The Empty Balcony: Total Recall (2012)

It’s no secret. Hollywood loves remakes. They love squeezing new cash out of old ideas. And why not? We’re a country that embraces the familiar. We find comfort in it. It’s this tendency of the public to seek out what it already knows that makes Applebee’s and the Olive Garden successful properties in Times Square. Who the hell would come all the way to New York City only to eat the same food they can get in Boise? Americans, that’s who.

Check out this list. Film has enough history behind it now that big productions can keep going back to the well and never find it dry. Last year saw a slew of remakes, reboots, and sequels. Just like every other year, quite frankly. One of those was Total Recall, a remake of the Paul Verhoeven/Arnold Schwarzenegger flick from 1990, directed by Len Wiseman.

There’s no Mars in the story this time around, which is kind of weird. The planet Mars was central to the plot in both the original film and its source story, We Can Remember It for You Wholesale, by Philip K. Dick. Instead, most of the earth has been rendered uninhabitable by chemical warfare. The only habitable places are the United Federation of Britian, and Australia, which is called the Colony. Britain lords it over the Colony, exploiting its people for manual labor, shipping them back and forth from the Colony in a free fall tube that passes through the center of the earth. That’s some pretty bad science, but it’s also pretty cool.

Douglas Quaid (Colin Farrell) is a lowly factory worker, assembling police robots for the Federation. He hates his life, despite being married to a 10, Lori (Kate Beckinsale). He dreams of a better life he can’t afford. Hell, he can’t even afford to go on vacation. Total RecallBut, a solution presents itself: Rekall, a company that can implant memories into a person’s brain. Quaid can now take that Aspen ski trip he always wanted, or at least remember that he took it. He heads on over to Rekall and settles on a spy scenario. As soon as the drugs are pumped into his veins, though, Rekall is stormed by police, and they kill everyone. It turns out that Douglas Quiad is not really Douglas Quaid. He’s Carl Hauser. He had his memories wiped by the evil Vilos Cohaagen (Bryan Cranston), the Federation’s ruthless dictator. Quaid’s whole life is just a plant. He’s only been living it for the past six weeks. That ten he has waiting at home is really a deadly secret agent, and now that the cat is out of the bag, she makes it her life’s work to chase Quaid down and kill him. Quaid is joined by a face from his misremembered past, Melina (Jessica Biel), and the hunt is on.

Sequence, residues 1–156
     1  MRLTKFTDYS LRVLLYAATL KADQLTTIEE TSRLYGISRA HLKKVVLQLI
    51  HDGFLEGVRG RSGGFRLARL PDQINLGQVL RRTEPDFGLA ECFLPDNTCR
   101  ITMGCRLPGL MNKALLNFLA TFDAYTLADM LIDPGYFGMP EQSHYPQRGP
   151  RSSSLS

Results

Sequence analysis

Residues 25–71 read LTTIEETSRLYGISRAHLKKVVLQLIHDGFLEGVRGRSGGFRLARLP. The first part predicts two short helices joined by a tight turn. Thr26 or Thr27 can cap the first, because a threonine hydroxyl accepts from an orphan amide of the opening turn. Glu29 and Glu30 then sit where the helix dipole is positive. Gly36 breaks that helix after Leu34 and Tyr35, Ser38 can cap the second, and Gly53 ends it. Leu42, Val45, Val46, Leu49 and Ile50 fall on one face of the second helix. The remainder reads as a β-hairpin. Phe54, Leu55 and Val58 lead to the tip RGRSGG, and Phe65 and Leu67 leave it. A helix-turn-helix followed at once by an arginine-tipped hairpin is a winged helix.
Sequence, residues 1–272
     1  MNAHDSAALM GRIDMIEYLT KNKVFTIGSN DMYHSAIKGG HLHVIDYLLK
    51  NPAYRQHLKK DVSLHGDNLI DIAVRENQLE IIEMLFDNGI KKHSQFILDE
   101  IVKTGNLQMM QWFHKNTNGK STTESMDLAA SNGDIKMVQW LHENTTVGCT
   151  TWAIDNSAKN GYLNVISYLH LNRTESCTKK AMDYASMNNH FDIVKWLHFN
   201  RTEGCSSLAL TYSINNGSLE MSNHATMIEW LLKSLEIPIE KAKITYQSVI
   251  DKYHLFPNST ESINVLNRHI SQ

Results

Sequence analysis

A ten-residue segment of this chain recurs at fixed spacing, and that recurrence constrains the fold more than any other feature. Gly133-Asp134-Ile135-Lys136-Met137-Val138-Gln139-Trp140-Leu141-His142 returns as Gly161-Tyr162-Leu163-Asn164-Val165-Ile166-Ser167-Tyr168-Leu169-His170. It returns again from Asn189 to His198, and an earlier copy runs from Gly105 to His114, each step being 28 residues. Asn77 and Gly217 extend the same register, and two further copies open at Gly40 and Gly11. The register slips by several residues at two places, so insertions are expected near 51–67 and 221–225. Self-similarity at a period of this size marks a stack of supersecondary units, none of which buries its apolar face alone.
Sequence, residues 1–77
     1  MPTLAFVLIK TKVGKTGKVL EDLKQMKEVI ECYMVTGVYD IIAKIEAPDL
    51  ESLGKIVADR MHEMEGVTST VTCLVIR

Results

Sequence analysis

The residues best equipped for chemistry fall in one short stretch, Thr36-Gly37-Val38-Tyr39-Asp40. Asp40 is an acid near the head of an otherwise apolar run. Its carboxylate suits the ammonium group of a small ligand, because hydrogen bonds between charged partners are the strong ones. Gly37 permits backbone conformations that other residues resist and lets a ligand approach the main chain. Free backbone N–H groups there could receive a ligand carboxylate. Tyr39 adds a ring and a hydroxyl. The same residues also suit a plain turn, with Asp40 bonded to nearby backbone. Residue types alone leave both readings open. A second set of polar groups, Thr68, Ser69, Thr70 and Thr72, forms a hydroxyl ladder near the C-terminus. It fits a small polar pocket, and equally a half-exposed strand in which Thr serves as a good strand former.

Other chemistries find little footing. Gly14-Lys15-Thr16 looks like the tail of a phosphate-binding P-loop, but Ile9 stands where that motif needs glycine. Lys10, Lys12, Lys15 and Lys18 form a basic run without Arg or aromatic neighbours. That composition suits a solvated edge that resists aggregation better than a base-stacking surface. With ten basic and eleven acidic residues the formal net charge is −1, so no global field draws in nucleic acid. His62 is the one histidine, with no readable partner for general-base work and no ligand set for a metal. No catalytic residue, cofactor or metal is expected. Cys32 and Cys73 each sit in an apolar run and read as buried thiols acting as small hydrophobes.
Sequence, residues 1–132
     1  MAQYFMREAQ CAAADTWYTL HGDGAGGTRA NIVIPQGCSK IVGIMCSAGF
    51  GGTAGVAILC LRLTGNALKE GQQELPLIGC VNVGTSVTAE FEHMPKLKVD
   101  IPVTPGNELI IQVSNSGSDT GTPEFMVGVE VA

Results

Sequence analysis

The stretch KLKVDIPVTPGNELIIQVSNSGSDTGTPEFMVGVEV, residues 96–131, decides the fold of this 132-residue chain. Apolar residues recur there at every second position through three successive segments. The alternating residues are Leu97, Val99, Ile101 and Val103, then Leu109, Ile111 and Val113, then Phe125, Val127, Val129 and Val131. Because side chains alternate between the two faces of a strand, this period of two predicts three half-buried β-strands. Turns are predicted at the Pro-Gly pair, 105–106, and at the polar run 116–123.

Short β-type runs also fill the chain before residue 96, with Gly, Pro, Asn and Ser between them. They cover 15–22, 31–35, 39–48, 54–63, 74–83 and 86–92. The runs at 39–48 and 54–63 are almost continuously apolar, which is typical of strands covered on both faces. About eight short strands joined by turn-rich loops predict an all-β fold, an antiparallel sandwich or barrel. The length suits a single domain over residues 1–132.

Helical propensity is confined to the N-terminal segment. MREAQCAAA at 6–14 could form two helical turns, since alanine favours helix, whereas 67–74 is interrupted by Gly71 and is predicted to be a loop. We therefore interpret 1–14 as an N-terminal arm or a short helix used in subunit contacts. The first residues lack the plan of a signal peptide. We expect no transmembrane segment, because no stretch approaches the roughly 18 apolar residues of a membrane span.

The movie consists mostly of high energy action sequences where Quaid and Melina run from Lori and a bunch of robot cops. There’s no depth here at all, but these sequences sure are fun. Somewhere in the film there’s a point to all this running around and having your brains scrambled, but Wiseman chose to tack all of that stuff on as an afterthought, it seems. This film is all about the visuals. If that were enough to sustain it, then Total Recall would be a hell of a film. Unfortunately, a good chase does not a good movie make. The plot makes no sense. Considering it came from a Philip K. Dick story, that’s to be expected. But there’s not making sense because the story is a mind-fuck (Dick’s specialty), and not making sense because someone decided story wasn’t important. This film is the latter.

Cohaagen’s motivations are stupid. His big plan is to wipe out the Colony so he can replace their workers with robots. What, now? He wants to do what? Cohaagen doesn’t need to kill anyone, he just needs to hand out pink slips, for crying out loud. They’re already building robot cops, why not just reprogram the robot cops to build more robots? Quaid, or Hauser, as he was known, was Cohaagen’s favorite special agent, sent to infiltrate a cell of rebels, but he ends up joining their cause. Why in the world would Cohaagen choose to let him loose back in the world after capturing...oh, hell, nevermind. The chases are great, the production design is fantastic, there’s too many lens flares, and everyone seems to have gone to the out-of-breath school of acting. It’s not that good of a film, but there are worse ways to waste a couple of hours.

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